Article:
Profoto wanted to give the world’s professional photographers a compact and portable new battery-powered flash unit. Creating it would require smart new solutions. Profoto chose to turn to Oxyma for help.
Sunlight is not always enough light, even for professional photographers who work outdoors. Natural light needs to be supplemented with artificial light to control shadows and highlights.
To broaden its range, Profoto needed to develop a small, new battery-powered flash generator. The result was the AcuteB 600, weighing less than 5 kilograms and capable of discharging 160 flashes per charge. The battery is mounted in a battery cassette that makes it possible to quickly and easily switch to a fully charged battery.
Profoto contacted Oxyma because they needed a technical solution for swapping out the rechargeable batteries in a simple way. The difficulty was that the battery had no natural anchor points and that its tolerances varied somewhat. The design engineers from Oxyma and representatives for Profoto started the project with a joint brainstorming meeting to discuss possible solutions. The two-hour meeting resulted in a number of sketches. Profoto considered a couple of these to be so interesting that they chose to hire Oxyma to design the mechanics for the flash generator.
“This was the first major project that we carried out together with Oxyma,” says Bo Dalenius, Manager R&D Electronics & Mechanics at Profoto. “We had come a good way on our own, but needed help finishing up the mechanical details.”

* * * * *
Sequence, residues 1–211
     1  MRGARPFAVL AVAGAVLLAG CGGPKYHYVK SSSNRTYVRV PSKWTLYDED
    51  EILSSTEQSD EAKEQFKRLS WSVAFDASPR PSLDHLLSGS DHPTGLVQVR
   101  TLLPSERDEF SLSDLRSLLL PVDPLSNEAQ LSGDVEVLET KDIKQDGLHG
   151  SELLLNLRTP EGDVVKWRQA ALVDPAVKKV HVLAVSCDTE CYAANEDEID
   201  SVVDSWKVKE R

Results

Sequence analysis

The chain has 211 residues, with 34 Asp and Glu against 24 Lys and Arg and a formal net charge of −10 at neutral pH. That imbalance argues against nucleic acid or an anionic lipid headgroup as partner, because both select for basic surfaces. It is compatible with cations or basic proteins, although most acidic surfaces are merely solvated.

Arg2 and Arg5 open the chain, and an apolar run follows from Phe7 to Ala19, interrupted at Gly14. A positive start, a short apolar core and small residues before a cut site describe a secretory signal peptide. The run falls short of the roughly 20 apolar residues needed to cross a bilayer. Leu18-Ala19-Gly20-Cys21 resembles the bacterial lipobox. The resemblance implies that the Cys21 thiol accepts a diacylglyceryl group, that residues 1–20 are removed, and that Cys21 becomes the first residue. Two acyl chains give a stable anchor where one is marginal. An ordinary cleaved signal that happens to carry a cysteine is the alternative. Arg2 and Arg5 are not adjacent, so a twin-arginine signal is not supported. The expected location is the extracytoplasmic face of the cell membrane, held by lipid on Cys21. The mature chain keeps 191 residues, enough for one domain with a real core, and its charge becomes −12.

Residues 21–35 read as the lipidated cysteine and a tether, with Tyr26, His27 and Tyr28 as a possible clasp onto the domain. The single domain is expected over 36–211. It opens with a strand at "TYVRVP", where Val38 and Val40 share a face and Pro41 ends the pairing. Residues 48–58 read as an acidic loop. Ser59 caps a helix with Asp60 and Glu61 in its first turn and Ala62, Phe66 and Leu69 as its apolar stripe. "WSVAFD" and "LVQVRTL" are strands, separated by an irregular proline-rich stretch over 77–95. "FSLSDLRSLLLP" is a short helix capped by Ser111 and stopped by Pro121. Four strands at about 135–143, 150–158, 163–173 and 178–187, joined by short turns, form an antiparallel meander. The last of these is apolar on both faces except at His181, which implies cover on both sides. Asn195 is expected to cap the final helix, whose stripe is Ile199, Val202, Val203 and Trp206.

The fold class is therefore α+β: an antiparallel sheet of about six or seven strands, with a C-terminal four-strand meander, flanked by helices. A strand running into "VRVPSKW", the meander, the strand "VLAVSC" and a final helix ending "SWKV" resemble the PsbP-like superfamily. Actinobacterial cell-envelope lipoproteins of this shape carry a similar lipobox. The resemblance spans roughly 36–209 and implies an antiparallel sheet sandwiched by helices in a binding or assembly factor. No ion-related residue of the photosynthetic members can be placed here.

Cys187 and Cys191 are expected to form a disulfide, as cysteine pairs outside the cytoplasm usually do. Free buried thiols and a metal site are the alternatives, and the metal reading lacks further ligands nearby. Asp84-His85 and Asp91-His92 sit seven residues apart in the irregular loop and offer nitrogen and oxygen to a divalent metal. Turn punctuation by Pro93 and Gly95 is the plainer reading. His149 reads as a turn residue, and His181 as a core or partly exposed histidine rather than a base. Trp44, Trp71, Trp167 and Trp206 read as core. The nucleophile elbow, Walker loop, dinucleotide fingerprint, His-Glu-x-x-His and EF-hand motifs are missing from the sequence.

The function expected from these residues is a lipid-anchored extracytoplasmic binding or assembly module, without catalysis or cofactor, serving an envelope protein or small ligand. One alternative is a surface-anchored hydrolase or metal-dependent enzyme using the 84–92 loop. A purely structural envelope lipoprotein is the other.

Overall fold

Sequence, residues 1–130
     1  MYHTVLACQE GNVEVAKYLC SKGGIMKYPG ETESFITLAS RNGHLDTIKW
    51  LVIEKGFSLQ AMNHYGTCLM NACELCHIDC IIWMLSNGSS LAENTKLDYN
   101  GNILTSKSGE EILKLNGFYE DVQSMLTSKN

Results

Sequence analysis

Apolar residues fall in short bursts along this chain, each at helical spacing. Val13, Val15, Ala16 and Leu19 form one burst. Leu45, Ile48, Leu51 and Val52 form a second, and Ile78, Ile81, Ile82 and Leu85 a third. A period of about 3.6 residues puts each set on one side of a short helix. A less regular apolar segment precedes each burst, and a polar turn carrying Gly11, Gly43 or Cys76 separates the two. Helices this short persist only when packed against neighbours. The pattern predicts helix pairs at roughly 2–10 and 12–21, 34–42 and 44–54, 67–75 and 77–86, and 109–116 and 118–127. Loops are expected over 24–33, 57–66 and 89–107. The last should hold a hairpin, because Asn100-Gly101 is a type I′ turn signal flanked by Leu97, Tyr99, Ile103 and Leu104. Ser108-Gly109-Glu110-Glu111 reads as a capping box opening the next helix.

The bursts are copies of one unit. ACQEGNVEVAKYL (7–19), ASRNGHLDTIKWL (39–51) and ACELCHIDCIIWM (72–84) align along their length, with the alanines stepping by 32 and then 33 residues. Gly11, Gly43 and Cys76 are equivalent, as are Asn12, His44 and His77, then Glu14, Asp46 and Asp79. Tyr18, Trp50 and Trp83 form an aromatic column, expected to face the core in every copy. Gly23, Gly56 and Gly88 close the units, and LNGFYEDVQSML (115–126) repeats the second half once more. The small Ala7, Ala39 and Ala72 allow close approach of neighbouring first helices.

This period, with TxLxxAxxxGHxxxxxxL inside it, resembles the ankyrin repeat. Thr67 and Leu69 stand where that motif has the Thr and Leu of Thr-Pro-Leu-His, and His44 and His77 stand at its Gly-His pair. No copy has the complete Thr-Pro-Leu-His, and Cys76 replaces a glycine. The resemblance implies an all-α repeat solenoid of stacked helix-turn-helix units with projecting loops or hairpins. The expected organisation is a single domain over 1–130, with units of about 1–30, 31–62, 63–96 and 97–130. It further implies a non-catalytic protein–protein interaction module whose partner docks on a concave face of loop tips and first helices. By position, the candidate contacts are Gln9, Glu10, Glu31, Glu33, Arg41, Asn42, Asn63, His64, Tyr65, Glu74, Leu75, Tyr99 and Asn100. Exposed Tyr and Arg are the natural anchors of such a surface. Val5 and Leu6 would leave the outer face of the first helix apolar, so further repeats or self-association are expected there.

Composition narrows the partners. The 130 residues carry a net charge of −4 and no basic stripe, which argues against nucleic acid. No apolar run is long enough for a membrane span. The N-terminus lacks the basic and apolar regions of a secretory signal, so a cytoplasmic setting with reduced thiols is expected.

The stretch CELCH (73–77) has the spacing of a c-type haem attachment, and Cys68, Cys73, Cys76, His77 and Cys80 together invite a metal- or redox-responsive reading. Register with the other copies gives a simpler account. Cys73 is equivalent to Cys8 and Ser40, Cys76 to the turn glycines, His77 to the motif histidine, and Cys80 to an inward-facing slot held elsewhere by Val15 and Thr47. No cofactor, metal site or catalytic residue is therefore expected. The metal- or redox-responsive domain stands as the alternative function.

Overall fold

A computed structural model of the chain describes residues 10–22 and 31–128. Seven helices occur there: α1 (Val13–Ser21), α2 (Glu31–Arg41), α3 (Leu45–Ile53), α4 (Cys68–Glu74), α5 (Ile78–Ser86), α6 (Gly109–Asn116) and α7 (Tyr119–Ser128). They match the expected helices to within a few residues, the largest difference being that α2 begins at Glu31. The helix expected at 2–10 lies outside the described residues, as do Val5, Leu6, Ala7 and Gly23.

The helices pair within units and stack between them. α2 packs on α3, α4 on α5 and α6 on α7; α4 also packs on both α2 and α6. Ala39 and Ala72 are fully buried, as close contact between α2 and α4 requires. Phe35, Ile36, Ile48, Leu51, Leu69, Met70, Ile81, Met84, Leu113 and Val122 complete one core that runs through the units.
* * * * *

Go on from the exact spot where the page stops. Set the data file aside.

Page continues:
The lot sizes for Profoto’s flash generators are in the order of thousands per year, making a cost-effective design a must. The chassis is constructed from sheet metal, and a number of components are made from injection-molded plastic. The unit’s compact design and the high voltage levels of the electronics required that both the circuit boards and their components be modeled using a 3D CAD system.
“Oxyma stand out among other consultants because they combine their expertise and dedication with a high level of service,” Dalenius believes. “So far we have only worked with their design engineers, but, in the future, we are definitely interested in using their industrial design expertise, for example – know-how that we don’t possess.”
From order to complete design documents, including the supporting data for the injection-molded components, the mechanics took just five weeks to develop. Six months later, the AcuteB 600/600R was on the market.
Since then, Profoto has conducted several development projects with Oxyma, including both industrial design and engineering services Projects.